Latter-day Saints serving in the U.S. House of Representatives include: Rep. Raul Labrador, R-Idaho, a Conservative, Rep. Mike Simpson, R-Idaho, a Conservative, Rep. Rob Bishop, R-Utah, Rep. Jason Chaffetz, R-Utah, Rep. Jeff Flake, R-Ariz., Rep. Dean Heller, R-Nevada Rep. Wally Herger, R-Calif., Rep. Jim Matheson, D-Utah, Rep. Buck McKeon, R-Calif., and Rep. Eni Faleomavaega, D-American Samoa (Source: http://www.ldschurchnews.com/articles/60334/15-Mormons-serving-in-US-Congress.html).

A look at their voting records will show that Latter-day Saint representation in Congress covers the entire political spectrum. The only conclusion that can be drawn is the truth, and that is that the Church of Jesus Christ of Latter-day Saints does not dictate political positions to its members. It does, however, teach principles that its members then apply, in their own way, to political issues and politics in general.

Latter-day Saints believe in a concept known as free agency which means simply that all individuals are free to choose for themselves. In other words, while the church may take a certain position on any given issue, its membership may take an alternative position. As was indicated earlier, the church will usually only engage in politics when there is a moral element involved. Even then, however, its membership is free to make their own decisions concerning any given issue. The end result is that there are Latter-day Saints who support hard core Progressive ideals, and Latter-day Saints who support hard core Conservative ideals, and Latter-day Saints who are Progressive on one issue and Conservative on the next. In the Sermon on the Mount, Christ taught the only realistic way of assessing a Latter-day Saint’s political philosophy when he said, “Wherefore by their fruits ye shall know them” (Mat 7:20).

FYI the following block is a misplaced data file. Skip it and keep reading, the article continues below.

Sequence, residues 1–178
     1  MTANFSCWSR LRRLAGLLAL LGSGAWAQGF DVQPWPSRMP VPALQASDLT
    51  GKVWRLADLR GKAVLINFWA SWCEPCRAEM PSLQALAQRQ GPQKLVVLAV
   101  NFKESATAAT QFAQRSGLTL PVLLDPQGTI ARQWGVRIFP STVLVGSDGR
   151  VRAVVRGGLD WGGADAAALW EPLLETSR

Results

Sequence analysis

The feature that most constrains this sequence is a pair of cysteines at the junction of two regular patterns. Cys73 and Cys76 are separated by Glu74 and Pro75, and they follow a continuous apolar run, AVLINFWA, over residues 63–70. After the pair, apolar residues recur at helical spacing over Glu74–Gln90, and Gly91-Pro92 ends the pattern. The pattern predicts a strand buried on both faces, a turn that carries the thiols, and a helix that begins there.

Consequently, when scrutinizing Romney or any other Latter-day Saint candidate, consider how he lives his religion—does he live as every Christian should? How does he hold up to the beatitudes? Does he care for the poor, the sick, the needy and the afflicted? Does he act like a Latter-day Saint should? In other words, how do his beliefs as a Latter-day Saint influence who he is as an individual and a candidate, and how will they influence his decisions once in office? However, such scrutiny should inform but not determine one’s decision. Romney has a track record and stated positions. Base your decision on them, not his religious affiliation.